In July and August 1944, at the verdant hills of northeastern Estonia, the calmness was broken in what would become a bloodbath. German and Estonian soldiers were determined to push the Soviet forces back in the famous Battle of the Blue Mountains (Sinimäed Hills) in Estonia.
The Blue Mountains in Estonia
The Blue Mountains in Estonia, which are more like hills, have always been a military significance. In history and during the First World War, fierce fighting was a common element at these strategic important hills. When World War II was close to its end the Germans and their allies had to retreat more and more when the Soviet troops hit in full force.
In six months had the Germans and the Allies defended the bridgehead of Narva to prevent Soviet troops to cross the river which separated Estonia from Russia. They decided to fall back to the Tannenberg line, about 15 kilometers west of Narva.
Waiting for the huge Soviet offensive
On-site at the Blue Mountains they began to prepare for the huge Soviet offensive that waited. The Blue Mountains consist of three hills that run from east to west. The supporters consisted of a variety of SS units. The largest number of soldiers were Germans and Estonians. In addition to these, there were divisions of SS volunteers from countries such as Denmark, Norway, Sweden, Belgium and the Netherlands. The total amount of soldiers were 22,250.
The Soviet strength was many times greater. On the paper stated the Soviet crew to 136,830, but because the losses considered to be around 170,000 there was a constant reinforcement with new troops.
The attack on Orphanage hill
The 26th of July began the Soviet attack on the hill called Orphanage hill. On 28th July fell Orphanage hill under Soviet control, and the next day began a huge bombardment of Soviet artillery against the two remaining hills. 25,000 artillery pieces fired and the entire area was covered in a thick fog.
German troops had dug themselves into the mud in the field and therefore did the artillery just a little damage. Neither Soviet airplane could spot the camouflaged Germans.
Soviet ordered 9000 soldiers supported by nearly 100 tanks to the front. The tanks blew out what was left of the German bunker constructions.
Now they began seizure against the German pockets and after hard fighting, the Germans and others fall back on the third and last litter. Soviet forces now controlled most of Tannenberg line, but they were weakened because of the huge losses they suffered. It was hard to hold their defensive positions.
This opened for a German counterattack. With reinforcements of armor, which actually belonged to the reserve, reconquered the Germans the two hills they previously had abandoned. There was a shortage of ammunition and the Germans, therefore, had to use weapons from fallen Soviets. Meanwhile, the Soviet defense was completely disorganized and low-flying planes tried to tick individual German soldiers who defected from the bomb craters.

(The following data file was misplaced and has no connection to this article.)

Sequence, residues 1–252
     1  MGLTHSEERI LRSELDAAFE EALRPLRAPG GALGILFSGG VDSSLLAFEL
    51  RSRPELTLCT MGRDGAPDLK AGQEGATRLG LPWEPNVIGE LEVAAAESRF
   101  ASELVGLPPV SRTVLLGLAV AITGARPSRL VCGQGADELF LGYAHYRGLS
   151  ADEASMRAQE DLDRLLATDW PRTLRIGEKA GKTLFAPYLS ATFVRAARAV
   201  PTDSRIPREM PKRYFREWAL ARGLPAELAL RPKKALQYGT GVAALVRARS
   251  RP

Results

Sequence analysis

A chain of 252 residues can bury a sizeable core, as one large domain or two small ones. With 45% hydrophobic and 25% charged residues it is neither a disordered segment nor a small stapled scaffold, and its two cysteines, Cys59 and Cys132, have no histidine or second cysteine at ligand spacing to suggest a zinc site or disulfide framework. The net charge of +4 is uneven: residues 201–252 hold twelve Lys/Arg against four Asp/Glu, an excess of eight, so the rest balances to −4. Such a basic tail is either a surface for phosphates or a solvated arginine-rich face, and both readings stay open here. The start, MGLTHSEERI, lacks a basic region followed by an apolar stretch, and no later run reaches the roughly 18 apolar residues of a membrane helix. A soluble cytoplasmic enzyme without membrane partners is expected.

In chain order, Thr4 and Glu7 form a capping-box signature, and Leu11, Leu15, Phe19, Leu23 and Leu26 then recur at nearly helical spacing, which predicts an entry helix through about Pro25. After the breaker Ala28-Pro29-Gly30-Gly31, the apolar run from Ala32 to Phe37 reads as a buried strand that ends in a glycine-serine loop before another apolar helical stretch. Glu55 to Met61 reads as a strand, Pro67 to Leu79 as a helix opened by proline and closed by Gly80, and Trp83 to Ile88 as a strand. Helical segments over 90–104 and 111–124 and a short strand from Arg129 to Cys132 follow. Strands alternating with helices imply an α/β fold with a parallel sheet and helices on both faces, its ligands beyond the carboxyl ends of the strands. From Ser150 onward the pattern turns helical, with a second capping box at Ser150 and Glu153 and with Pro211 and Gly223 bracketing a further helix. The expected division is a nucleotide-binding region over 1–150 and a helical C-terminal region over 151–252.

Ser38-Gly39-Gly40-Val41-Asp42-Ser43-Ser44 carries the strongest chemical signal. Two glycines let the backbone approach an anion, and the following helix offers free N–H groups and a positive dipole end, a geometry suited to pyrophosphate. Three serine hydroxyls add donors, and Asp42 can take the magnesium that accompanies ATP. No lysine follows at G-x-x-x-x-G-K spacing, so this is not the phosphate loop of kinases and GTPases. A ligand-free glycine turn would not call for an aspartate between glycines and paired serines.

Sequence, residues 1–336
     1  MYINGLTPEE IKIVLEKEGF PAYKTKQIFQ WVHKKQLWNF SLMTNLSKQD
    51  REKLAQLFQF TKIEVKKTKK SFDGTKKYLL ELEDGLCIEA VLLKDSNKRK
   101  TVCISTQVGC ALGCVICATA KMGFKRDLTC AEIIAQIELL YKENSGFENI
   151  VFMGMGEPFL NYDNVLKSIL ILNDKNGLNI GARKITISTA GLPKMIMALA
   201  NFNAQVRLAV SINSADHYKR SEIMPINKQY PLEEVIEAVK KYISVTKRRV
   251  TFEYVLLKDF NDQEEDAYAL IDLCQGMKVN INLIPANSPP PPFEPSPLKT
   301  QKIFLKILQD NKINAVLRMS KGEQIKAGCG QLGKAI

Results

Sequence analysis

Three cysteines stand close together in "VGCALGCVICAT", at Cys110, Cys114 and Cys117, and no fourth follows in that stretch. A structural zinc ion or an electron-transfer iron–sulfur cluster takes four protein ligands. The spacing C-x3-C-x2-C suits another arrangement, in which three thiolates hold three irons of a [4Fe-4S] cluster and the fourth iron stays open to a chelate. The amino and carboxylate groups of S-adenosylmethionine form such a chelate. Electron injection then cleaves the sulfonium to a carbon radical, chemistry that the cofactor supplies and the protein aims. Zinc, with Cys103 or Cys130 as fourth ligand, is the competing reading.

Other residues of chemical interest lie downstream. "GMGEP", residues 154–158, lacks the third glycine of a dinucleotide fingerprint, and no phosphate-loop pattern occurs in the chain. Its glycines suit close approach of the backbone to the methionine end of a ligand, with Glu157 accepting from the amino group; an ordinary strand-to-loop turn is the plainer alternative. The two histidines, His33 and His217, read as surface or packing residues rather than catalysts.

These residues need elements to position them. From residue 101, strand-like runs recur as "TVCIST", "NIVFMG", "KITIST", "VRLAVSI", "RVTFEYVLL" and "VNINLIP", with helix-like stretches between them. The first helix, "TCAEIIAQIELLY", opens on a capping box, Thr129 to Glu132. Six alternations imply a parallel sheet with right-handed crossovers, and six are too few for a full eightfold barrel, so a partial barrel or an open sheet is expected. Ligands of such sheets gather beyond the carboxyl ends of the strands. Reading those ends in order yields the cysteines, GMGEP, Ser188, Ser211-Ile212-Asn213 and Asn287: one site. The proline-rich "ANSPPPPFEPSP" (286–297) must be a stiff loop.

During the afternoon of July 29th did the Soviet Union no less than 8 attempts to recapture the Sinimäed Hills.
Lack of discipline in Soviet lines
The disaster of the Soviet Union was a fact. Officially they said that the hill in the center certainly was controlled by the Soviet forces. Meantime, they tried to find the faults in their defeat. They discovered shortcomings in coordination. Tanks had driven straight into uncleared minefields. Even the officers were hard accused about the extensive alcohol intoxication that occurred among soldiers during the fighting.
Stalin was furious. He issued an order that they have to break through the line to Tallinn, what sacrifices it may require. In early August, the Soviet front received large reinforcements.
The German troops began to be tired. The finale of the battle took place on August 3. Huge quantities of Soviet armor and artillery attacked the German positions, but until August 10 not much had changed.
A stillness fell at Tannenberg Line. Both sides focused on defense and until the middle of September, there were no major clashes.
Huge losses at the Blue Mountains
The results of the battles at the Blue Mountains was for Soviet a defeat of enormous proportions. While Germans allies had losses of 10,000 of which 2,500 were dead or missing was the result of the Soviet forces 35,000 dead or missing, 135,000 injured or sick, and around 160 tanks destroyed.
The 14th September, the Riga offensive started. For one of the sides in the war, this was the kiss of death …